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Tuesday, May 03, 2016

Stocks Lose Previous Day's Gains

Charles Schwab: On the Market
Posted: 5/3/2016 4:15 PM ET

Stocks Lose Previous Day's Gains

U.S. stocks were under prevalent pressure and followed European equities broadly lower with crude oil prices falling and global sentiment souring as a continued rally for the yen joined disappointing U.K. and China manufacturing reports and softer-than-expected European banking sector results. Treasuries were nicely higher, though the domestic economic calendar was void of any major releases today, while the U.S. dollar also advanced and gold was lower.

The Dow Jones Industrial Average (DJIA) dropped 140 points (0.8%) to 17,751, the S&P 500 Index fell 18 points (0.9%) to 2,063, and the Nasdaq Composite increased 54 points (1.1%) to 4,763. In moderately-heavy volume, 989 million shares were traded on the NYSE and 2.0 billion shares changed hands on the Nasdaq. WTI crude oil was down $1.13 to $43.65 per barrel, wholesale gasoline was $0.05 lower at $1.51 per gallon, and the Bloomberg gold spot price declined $4.64 to $1,286.91 per ounce. Elsewhere, the Dollar Index—a comparison of the U.S. dollar to six major world currencies—was 0.3% higher at 92.94.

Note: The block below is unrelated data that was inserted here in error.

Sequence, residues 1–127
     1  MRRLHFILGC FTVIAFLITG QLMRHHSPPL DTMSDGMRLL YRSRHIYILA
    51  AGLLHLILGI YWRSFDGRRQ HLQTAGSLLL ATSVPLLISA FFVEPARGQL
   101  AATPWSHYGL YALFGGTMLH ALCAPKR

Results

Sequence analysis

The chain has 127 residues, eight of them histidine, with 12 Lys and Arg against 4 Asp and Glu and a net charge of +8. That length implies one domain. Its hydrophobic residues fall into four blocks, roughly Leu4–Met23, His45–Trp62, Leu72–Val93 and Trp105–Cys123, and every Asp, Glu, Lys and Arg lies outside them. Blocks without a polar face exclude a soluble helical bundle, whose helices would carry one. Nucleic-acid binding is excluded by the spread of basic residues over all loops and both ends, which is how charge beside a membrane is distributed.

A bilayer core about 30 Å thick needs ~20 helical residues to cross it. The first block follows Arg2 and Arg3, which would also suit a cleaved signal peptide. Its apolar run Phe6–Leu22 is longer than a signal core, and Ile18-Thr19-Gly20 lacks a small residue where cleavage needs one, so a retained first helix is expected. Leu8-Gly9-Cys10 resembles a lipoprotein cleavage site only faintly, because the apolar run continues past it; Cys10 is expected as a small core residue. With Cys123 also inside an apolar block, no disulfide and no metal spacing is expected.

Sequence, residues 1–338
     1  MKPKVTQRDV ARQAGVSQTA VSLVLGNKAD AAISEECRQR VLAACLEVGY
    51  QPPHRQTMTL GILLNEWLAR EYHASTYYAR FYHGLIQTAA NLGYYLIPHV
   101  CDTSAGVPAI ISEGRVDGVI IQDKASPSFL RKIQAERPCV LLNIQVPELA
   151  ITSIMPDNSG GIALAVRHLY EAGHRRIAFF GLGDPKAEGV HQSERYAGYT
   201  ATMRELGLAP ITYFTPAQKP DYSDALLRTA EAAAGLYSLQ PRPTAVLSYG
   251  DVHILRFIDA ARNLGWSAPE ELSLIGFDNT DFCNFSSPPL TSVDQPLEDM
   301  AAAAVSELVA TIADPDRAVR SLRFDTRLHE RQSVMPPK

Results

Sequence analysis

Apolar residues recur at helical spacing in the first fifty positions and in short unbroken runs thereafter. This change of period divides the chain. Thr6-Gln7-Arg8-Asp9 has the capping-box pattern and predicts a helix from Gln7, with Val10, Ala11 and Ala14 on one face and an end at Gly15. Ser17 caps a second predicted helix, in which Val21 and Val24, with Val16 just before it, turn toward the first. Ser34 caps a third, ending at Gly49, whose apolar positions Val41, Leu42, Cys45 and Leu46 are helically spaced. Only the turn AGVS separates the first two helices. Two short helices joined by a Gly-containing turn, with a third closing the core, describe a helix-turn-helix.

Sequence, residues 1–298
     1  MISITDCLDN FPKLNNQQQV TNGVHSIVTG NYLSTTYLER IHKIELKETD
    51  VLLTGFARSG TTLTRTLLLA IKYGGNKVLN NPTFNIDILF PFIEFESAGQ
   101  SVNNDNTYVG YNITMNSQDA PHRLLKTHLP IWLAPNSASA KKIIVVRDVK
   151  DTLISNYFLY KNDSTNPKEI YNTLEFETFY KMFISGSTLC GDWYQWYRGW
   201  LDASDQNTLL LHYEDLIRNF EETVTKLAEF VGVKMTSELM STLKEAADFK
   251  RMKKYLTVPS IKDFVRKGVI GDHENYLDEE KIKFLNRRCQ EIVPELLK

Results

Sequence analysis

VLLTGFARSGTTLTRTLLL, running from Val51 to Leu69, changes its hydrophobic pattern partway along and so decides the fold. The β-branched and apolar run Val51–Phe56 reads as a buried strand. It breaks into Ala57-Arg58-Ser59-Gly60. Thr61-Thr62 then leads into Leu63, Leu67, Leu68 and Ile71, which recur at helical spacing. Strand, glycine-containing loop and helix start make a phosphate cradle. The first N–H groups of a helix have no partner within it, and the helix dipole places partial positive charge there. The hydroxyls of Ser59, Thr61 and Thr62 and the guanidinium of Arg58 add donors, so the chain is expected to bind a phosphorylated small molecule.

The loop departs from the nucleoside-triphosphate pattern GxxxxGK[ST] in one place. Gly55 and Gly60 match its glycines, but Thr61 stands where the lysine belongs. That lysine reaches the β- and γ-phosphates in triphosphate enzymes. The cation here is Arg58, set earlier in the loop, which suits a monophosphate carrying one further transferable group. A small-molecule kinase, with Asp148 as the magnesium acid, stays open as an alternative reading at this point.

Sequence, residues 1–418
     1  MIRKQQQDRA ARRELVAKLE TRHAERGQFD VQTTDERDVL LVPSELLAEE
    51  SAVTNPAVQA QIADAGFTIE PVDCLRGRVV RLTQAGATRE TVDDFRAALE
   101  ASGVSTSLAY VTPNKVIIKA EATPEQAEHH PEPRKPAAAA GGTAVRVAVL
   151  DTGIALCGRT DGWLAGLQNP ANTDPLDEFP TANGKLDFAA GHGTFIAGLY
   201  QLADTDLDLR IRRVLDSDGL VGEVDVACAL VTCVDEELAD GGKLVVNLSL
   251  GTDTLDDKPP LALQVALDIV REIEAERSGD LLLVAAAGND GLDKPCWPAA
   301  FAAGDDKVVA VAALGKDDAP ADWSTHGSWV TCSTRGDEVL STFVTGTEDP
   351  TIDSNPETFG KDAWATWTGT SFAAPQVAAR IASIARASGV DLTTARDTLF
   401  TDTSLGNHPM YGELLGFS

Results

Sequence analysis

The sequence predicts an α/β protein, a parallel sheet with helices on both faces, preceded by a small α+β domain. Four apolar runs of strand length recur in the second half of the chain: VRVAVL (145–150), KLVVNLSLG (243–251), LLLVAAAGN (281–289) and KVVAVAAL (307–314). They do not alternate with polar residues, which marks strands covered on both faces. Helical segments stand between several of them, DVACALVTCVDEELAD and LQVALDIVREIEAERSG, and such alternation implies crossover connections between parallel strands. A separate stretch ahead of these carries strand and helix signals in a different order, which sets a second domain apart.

Dow member Pfizer Inc. (PFE $34) reported 1Q earnings-per-share (EPS) ex-items of $0.67, above the $0.55 FactSet estimate, as revenues rose 20.0% year-over-year (y/y) to $13.0 billion, versus the projected $12.1 billion. The company's 1Q figures included results from Hospira—acquired in September 2015—which were not included in the prior year's results. PFE boosted its full-year earnings and revenue guidance. Shares finished nicely higher.

CVS Health Corp. (CVS $104) posted 1Q adjusted profits of $1.18 per share, two cents north of expectations, with revenues increasing 18.9% y/y to $43.2 billion, above the projected $43.0 billion. CVS issued softer-than-expected 2Q EPS guidance, while it reaffirmed its full-year profit outlook. Shares traded higher.